June 11, 2007

EUB completes seven-year overhaul of sour gas regulatory regime

The release of a final report on Public Safety and Sour Gas marks the completion by Alberta's Energy and Utilities Board (EUB) of a historic seven-year initiative that has completely overhauled the regulatory regime governing sour gas development in Alberta. The report documents how the 87 recommendations of the EUB's Public Safety and Sour Gas (PSSG) independent committee have been addressed.

The PSSG initiative was established in January 2000 to review and assess the province's regulatory regime as it related to health and safety. After nearly a year of conducting research and gathering information, the committee presented its 87 recommendations to the EUB in December 2000. The recommendations dealt with promoting a better understanding of sour gas, improving the sour gas regulatory system, reducing the impacts of sour gas on public health and safety, and improving public consultation on sour gas matters. Sour gas refers to natural gas containing naturally-occurring hydrogen sulfide (H2S), a compound toxic to humans and animals at very low levels and easily recognized by its "rotten egg" odour.

The report groups the recommendations under the headings of health effects and sour gas research; sour gas development planning and approval; sour gas operations; emergency preparedness; and information, communications and consultation. A final section discusses sustainability and performance measures.

In implementing the recommendations, the EUB reports that it has, among other things:

1. toughened the rules relating to compliance and enforcement for sour gas development;

2. assisted in the development of comprehensive health effects information around H2S exposure;

3. improved co-ordinated planning for sour gas development in both rural and urban areas;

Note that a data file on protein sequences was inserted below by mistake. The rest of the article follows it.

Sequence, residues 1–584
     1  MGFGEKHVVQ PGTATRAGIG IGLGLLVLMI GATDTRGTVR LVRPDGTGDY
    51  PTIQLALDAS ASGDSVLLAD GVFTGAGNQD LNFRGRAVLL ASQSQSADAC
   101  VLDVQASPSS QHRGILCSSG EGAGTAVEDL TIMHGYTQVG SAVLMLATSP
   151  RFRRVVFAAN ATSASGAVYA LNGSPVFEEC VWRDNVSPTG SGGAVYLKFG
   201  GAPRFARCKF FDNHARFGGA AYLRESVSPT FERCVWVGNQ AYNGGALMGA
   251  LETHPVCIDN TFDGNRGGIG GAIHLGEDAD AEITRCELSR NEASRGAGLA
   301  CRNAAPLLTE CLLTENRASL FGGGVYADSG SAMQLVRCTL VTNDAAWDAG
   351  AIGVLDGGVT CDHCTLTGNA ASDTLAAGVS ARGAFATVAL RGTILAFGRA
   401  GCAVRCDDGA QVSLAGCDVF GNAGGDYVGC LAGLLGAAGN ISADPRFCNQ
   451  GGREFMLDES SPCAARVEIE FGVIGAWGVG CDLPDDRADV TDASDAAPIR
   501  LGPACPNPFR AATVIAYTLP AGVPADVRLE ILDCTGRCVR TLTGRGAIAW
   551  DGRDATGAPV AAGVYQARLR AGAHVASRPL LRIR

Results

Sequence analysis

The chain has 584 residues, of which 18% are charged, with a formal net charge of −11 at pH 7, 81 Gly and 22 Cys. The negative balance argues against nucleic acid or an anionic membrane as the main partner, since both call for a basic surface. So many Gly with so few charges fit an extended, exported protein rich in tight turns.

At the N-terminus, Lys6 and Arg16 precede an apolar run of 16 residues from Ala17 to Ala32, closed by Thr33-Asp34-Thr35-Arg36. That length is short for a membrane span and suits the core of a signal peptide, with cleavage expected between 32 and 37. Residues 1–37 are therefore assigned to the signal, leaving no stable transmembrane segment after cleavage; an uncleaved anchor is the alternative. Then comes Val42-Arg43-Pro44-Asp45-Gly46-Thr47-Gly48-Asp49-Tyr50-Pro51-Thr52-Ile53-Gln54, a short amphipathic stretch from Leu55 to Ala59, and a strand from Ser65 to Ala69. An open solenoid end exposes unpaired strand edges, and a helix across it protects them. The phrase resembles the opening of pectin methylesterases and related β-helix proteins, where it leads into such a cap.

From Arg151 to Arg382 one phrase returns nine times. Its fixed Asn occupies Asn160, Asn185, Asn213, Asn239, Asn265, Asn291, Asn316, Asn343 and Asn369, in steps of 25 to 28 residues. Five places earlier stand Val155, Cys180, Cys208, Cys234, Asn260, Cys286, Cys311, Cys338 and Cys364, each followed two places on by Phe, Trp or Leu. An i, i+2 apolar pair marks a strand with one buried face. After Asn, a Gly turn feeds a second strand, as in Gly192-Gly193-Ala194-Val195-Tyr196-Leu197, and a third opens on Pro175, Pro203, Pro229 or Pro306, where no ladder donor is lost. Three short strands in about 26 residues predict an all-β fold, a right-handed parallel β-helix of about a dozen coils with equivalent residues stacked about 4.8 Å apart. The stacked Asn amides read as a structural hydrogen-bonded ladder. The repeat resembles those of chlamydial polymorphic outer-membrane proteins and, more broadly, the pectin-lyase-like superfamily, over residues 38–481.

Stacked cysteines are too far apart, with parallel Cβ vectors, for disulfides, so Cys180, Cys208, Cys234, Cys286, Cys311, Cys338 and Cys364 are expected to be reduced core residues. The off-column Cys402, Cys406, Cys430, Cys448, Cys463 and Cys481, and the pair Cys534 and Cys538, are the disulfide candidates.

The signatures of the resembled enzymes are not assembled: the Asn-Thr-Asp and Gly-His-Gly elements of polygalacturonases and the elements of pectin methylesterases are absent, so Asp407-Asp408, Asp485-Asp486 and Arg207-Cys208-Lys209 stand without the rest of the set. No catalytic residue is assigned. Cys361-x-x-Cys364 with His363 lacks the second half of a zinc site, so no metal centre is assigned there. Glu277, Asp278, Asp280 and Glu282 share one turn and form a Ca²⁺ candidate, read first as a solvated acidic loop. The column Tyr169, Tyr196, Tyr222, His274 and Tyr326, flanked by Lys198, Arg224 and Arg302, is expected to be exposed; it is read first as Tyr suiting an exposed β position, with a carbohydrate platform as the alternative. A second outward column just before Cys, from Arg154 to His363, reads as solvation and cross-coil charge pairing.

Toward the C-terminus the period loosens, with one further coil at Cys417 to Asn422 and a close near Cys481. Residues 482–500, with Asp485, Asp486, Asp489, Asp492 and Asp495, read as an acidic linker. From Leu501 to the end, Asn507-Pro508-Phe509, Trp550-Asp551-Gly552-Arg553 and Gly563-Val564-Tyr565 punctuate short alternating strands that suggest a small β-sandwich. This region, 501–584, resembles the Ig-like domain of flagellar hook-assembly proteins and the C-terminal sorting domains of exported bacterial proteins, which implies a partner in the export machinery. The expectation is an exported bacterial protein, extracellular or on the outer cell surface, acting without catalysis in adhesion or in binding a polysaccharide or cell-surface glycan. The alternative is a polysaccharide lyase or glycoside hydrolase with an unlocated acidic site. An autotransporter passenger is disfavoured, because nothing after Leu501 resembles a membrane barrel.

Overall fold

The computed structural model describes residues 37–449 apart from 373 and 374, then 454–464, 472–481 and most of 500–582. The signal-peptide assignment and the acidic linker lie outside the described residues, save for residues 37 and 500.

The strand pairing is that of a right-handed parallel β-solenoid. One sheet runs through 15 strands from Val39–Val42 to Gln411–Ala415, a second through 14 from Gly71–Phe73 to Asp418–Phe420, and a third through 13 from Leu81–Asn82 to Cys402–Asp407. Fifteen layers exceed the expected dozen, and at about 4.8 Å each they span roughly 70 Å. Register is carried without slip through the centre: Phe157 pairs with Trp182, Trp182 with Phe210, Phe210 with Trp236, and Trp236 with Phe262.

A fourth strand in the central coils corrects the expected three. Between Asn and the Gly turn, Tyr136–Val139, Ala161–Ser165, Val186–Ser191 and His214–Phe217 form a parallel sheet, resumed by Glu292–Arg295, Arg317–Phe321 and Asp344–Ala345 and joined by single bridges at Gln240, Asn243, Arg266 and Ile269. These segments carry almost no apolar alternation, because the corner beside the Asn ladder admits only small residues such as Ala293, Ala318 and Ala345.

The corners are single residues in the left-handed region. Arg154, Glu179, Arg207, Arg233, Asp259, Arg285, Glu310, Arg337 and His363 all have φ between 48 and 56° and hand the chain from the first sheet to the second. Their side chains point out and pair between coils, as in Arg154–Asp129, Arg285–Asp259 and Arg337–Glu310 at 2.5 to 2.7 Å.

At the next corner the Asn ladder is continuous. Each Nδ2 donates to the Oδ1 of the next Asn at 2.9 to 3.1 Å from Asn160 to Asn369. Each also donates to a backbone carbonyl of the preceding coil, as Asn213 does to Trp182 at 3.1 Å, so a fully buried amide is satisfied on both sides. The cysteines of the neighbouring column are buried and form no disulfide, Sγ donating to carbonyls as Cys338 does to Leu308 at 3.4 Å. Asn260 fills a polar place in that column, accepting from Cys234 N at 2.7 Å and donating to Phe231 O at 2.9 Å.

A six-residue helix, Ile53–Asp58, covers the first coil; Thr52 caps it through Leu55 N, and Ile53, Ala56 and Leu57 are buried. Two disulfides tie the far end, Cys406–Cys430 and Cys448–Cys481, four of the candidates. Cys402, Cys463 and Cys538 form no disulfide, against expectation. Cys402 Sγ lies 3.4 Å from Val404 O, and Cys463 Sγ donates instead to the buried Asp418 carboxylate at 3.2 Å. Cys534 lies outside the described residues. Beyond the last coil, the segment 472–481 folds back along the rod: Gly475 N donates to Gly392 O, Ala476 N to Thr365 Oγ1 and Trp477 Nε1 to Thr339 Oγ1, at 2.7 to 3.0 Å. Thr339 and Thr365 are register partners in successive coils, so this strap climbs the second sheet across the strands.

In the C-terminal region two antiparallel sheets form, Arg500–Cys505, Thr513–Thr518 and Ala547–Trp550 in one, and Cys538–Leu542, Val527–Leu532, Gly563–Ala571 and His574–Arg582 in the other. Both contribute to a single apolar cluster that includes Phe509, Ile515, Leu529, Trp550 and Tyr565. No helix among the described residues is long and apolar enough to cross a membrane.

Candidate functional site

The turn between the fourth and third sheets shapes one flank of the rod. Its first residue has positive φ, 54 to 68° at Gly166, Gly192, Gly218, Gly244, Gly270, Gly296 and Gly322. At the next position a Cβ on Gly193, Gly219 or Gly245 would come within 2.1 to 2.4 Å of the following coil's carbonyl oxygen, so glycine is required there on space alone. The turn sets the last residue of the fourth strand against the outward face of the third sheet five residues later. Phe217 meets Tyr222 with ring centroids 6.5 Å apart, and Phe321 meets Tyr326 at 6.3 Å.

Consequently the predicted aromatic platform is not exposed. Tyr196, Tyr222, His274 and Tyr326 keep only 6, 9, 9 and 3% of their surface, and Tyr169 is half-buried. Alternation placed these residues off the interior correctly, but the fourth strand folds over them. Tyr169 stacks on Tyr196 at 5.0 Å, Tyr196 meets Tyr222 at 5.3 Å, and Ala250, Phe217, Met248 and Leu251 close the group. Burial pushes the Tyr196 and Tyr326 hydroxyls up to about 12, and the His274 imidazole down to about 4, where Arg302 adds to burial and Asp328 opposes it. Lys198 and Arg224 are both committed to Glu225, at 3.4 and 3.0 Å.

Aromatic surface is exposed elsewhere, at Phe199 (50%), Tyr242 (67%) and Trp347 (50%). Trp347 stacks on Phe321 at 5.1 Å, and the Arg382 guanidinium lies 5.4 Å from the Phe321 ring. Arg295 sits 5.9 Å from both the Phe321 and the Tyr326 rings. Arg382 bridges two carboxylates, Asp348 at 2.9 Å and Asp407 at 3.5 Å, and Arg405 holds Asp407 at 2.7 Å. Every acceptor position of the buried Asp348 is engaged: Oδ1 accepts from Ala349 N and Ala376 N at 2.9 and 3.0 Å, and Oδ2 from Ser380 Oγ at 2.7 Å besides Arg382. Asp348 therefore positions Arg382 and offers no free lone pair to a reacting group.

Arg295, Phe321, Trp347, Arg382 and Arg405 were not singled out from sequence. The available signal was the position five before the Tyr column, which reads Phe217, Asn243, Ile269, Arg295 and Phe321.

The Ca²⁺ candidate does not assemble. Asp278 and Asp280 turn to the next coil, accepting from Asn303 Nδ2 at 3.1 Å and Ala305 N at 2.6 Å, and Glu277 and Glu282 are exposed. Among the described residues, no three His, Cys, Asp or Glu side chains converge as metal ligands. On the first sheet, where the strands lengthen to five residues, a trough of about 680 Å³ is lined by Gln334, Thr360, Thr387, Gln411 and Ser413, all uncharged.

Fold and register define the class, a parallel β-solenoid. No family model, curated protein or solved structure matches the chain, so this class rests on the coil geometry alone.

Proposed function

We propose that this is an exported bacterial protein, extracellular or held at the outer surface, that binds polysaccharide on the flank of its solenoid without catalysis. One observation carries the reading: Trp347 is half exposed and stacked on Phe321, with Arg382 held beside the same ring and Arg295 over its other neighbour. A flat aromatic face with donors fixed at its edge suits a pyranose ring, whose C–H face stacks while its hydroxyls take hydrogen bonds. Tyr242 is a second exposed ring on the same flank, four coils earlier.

4. initiated an extensive upfront technical review of all critical sour gas well applications and a 100% inspection rate for critical sour wells while drilling;

5. launched a customer contact centre staffed by EUB personnel to answer public questions;

6. tightened regulations around sour gas pipelines regarding inspections and testing;

7. created a public safety group consisting of a community and Aboriginal relations section to increase consultation and understanding, and an emergency planning and assessment section dealing with emergency response;

8. upgraded the EUB's air monitoring unit to state-of-the art specifications and purchased a second unit. These units utilize infrared cameras that can detect volatile organic compounds.

The EUB has also changed regulations so landowners are consulted earlier and more comprehensively than ever before by companies proposing sour gas development in their area. A specific initiative in this area included the creation of a landowner's guide listing 40 questions the public has the right to have answered.

As a result of studies done by Alberta's Health and Wellness Department, the EUB reduced the emergency evacuation level for H2S from 20 parts per million (ppm) to 10 ppm. Modifications to the EUB's inspection priority system have increased the inspection frequency for existing sour gas facilities, and complaint response and investigation has been made one of the highest priorities of the EUB's field surveillance group. All complaints are investigated and follow-up visits to complainants are made upon request once the complaint has been investigated, says the report.

There are over 6,000 sour gas wells, approximately 250 sour gas processing plants and over 18,000 km of operating sour gas pipelines in Alberta. In 2006, sour gas accounted for over 33% of Alberta's annual natural gas production (1.6 trillion cubic feet).

The Public Safety and Sour Gas final report may be viewed on the EUB Web site, www.eub.ca.

Table of Contents  | Top of Page

  Ecolog Network